Sunday, April 3, 2016

Venimus! Vidimus! Vicimus! (Without Getting Blown Away)

We came.  We saw. We conquered.  It’s not as sexy as Veni Vidi Vici, but it’s more accurate because, unlike Julius Caesar at the Battle of Zela, I couldn’t claim to do all of this by myself.  It is difficult to comprehend how much we accomplished on the opening day for the 8th growing season of the Stoddart Avenue Community Garden.   We had a different group of gardeners than I anticipated a week ago and a different group of volunteers than had previously contacted me.   But, we got everything done that we had set out to do (except turning our compost bins because I felt our volunteers had worked too hard by that time).  Then, an unexpectedly long and severe wind storm hit the Garden (which makes me wonder how much of our new compost blew away).  My new gardening hat blew off a few times this morning, but after I adjusted it, it stayed on my head for the rest of the day despite 40-50 mph winds.

Last weekend, I stopped by the Garden a few times to kill some pernicious weeds, refill our Free Little Library (which had pretty much been emptied by the neighborhood kids on Spring Break), hook-up the rain smaller/taller cistern and varnish our neighbor plot sign.  The remnants of the fifth anniversary memorial were present to mark the March 2011 drive-by murder at the Garden, which lead to the re-formation of the neighborhood block watch.  Block Watch Barb  (the co-chair of the neighborhood block watch) stopped by.  She returned to pick up the considerable amount of litter in ours and the Block Watch lots.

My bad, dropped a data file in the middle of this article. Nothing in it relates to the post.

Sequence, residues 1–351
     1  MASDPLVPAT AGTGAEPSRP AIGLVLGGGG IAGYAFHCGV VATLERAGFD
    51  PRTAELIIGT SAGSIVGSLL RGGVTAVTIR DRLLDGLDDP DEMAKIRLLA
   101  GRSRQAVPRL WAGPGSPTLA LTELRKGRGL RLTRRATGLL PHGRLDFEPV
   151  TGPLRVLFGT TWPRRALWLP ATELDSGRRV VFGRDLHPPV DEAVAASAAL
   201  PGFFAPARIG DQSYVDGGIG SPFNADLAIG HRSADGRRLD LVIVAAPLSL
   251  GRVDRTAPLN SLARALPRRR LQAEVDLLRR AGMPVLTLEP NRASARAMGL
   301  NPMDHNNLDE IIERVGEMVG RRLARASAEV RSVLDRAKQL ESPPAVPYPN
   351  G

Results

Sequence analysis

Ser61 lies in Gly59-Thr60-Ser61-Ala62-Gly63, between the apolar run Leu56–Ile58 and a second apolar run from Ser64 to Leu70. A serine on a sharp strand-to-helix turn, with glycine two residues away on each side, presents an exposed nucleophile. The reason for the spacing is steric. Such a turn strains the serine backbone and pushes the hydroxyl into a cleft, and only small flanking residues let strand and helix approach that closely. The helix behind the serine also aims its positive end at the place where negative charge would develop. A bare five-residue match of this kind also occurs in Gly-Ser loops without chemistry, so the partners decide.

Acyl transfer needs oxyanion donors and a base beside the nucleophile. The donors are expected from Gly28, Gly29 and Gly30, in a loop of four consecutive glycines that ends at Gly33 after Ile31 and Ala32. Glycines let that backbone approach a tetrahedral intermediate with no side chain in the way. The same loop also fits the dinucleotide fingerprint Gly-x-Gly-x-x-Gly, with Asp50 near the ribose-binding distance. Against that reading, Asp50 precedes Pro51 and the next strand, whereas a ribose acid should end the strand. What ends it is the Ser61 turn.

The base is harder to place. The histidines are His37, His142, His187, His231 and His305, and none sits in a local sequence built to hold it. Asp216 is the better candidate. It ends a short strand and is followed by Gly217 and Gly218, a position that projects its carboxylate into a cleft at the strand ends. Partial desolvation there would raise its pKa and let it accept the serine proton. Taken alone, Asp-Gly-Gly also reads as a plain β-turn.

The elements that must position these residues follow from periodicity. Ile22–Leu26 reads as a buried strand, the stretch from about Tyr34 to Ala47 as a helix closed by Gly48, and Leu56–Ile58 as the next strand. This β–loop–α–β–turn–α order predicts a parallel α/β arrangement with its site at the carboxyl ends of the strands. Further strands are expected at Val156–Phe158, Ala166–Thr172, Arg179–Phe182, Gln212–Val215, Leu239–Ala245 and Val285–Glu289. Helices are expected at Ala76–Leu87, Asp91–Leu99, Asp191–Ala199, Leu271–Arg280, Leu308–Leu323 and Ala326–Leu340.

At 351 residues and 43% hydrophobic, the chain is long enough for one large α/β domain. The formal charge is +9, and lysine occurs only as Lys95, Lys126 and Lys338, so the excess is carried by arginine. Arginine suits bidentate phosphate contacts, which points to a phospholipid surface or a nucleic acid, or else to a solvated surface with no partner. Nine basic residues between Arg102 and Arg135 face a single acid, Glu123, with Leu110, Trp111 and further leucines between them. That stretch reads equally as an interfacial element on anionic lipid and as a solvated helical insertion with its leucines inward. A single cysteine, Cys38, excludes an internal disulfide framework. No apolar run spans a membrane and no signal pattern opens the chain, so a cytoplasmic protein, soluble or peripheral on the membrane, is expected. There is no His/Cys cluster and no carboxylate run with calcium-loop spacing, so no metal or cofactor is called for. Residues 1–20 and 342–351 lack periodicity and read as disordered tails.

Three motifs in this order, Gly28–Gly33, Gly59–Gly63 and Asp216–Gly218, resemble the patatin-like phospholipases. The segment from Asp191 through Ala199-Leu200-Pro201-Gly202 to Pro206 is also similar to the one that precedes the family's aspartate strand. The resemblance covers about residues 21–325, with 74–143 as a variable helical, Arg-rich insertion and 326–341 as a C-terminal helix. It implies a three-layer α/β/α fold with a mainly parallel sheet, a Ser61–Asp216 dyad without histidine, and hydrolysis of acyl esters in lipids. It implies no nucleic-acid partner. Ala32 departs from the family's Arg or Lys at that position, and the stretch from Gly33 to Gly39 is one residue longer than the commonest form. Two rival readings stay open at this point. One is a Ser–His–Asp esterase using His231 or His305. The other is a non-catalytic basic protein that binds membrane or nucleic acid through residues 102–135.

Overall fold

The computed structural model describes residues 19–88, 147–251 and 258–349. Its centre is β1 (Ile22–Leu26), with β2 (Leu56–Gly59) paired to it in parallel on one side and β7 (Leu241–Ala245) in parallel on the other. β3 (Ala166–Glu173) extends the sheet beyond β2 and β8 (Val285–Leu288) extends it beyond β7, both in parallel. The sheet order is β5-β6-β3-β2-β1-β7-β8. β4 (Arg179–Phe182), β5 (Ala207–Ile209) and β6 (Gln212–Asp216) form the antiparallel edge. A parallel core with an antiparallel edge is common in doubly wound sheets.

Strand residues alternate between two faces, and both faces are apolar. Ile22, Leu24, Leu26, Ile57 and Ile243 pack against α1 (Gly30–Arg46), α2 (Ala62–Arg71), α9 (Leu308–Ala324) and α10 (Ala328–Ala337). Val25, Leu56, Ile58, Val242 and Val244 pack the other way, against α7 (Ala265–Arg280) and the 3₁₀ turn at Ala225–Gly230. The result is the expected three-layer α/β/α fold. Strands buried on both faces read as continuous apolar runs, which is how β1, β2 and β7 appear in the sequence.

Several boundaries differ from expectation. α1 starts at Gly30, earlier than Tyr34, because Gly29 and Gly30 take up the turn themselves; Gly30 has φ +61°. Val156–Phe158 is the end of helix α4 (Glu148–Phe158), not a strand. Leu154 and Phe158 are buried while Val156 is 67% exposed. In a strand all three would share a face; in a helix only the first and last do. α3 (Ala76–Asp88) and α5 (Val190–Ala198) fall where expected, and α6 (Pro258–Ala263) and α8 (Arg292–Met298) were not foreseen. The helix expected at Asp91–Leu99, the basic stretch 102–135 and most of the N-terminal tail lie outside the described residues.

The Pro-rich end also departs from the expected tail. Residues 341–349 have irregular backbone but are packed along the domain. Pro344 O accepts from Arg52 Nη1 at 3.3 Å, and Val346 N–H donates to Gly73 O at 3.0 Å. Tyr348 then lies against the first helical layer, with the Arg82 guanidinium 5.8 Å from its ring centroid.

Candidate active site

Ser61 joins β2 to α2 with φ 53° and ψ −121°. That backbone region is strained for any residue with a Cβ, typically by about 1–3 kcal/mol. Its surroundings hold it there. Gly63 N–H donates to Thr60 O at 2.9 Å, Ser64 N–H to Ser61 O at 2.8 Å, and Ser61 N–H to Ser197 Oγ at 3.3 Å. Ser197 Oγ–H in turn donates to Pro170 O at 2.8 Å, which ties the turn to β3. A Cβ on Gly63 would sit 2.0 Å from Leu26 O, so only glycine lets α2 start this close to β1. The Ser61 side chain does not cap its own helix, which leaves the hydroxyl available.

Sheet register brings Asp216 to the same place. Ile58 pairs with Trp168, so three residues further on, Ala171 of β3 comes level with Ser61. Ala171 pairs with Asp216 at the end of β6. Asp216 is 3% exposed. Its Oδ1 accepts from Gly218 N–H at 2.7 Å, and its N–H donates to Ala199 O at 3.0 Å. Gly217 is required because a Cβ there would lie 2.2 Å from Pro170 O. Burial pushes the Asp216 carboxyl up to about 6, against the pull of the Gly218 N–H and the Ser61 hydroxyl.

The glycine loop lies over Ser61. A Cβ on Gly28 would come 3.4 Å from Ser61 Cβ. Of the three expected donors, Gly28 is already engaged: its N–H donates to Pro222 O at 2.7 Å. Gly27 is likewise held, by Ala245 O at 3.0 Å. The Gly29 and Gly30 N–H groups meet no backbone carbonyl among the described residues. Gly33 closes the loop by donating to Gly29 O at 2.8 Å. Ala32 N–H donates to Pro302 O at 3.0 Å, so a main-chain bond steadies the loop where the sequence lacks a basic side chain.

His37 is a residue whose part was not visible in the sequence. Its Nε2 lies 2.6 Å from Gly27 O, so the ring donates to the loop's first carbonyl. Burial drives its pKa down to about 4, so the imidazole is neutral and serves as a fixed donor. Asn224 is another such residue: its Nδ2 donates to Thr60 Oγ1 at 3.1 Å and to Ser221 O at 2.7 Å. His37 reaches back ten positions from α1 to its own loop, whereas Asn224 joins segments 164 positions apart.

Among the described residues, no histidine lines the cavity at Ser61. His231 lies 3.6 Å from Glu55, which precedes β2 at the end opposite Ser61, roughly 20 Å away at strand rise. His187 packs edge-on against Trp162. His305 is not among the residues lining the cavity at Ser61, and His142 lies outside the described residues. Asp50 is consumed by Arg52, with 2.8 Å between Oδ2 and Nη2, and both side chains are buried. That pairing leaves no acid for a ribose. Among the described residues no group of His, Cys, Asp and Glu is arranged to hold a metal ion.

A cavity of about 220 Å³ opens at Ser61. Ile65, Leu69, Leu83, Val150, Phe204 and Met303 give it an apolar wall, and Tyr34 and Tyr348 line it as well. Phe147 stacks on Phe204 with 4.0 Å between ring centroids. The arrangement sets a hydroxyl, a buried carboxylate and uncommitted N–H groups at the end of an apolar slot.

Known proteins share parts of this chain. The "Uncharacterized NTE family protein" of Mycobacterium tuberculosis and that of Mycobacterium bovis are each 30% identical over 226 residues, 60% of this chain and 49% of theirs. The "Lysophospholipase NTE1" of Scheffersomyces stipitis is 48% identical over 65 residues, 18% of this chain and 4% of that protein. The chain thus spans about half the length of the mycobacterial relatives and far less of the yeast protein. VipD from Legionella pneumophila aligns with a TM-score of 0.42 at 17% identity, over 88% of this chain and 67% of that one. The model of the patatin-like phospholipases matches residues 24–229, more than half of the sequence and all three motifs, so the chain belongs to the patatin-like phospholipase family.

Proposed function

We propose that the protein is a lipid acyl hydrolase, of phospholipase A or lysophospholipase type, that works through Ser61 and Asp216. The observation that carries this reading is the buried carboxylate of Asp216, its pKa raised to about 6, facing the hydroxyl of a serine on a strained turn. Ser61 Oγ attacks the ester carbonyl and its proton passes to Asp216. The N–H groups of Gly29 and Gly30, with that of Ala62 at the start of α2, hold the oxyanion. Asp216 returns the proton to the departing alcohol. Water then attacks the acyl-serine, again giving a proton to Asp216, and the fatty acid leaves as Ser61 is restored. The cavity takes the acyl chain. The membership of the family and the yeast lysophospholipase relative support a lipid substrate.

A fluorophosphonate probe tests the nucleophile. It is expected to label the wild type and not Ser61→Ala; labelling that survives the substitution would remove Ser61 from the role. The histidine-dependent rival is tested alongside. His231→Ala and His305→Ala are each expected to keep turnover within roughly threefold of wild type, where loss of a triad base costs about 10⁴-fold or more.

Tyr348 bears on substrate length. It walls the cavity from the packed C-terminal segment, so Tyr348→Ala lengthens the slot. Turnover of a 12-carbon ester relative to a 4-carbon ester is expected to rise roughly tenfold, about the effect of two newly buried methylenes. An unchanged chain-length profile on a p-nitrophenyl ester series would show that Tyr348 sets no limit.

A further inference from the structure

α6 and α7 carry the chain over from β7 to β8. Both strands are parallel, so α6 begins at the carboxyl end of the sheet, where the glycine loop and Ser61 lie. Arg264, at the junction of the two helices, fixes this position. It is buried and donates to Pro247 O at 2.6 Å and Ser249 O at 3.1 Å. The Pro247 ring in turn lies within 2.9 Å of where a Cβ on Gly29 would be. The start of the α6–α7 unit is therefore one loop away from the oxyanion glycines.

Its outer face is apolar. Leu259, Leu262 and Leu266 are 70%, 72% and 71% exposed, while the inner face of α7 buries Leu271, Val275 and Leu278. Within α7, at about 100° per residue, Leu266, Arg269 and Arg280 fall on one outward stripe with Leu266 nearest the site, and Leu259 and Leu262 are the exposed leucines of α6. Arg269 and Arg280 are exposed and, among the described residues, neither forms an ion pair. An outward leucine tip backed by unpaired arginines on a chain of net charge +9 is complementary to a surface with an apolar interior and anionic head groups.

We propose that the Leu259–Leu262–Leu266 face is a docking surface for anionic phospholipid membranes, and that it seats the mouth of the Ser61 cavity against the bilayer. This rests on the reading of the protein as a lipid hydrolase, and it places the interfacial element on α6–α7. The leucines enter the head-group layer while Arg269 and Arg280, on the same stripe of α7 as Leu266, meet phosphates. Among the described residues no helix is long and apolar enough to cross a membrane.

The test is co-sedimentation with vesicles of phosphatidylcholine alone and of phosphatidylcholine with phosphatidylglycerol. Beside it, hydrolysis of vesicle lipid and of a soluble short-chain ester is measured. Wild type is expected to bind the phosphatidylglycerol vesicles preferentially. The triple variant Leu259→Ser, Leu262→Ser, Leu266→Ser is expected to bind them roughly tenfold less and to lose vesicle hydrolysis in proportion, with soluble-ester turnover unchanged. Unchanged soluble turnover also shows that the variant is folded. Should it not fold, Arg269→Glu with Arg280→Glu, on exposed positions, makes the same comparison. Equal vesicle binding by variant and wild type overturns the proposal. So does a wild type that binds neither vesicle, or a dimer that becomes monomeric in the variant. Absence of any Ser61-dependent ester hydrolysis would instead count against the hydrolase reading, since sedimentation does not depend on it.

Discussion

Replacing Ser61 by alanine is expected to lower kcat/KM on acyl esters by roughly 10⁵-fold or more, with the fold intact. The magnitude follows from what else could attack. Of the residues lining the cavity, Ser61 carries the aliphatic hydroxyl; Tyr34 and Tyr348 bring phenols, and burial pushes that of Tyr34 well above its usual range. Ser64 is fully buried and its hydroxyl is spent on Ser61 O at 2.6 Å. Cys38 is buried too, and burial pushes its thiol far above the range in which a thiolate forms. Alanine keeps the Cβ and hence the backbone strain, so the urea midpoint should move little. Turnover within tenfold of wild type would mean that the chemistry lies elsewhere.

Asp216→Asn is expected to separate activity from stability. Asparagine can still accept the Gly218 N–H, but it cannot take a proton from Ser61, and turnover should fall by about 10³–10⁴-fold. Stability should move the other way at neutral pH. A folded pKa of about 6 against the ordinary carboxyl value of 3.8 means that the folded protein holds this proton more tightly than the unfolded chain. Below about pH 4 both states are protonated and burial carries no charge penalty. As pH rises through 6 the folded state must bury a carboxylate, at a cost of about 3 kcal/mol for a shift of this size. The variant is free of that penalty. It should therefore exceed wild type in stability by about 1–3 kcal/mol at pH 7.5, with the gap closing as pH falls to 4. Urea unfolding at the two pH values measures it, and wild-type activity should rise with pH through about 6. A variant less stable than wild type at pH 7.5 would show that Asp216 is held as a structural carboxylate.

Tree King dropped off a load of pine wood chips that they donated to us bright and early Tuesday morning, which meant that I had to drive over and shovel some wood chips out of the alley.    These were spread very thickly on our paths, along the north and south sides of our fence, and around our compost bins and raised beds.   Neighbor Brown’s wife stopped by and we chatted a bit while I was there. I also spent some time Wednesday afternoon chatting with an OSU social work student who is trying to organize a resurgence of the Avondale Community Garden in Franklinton.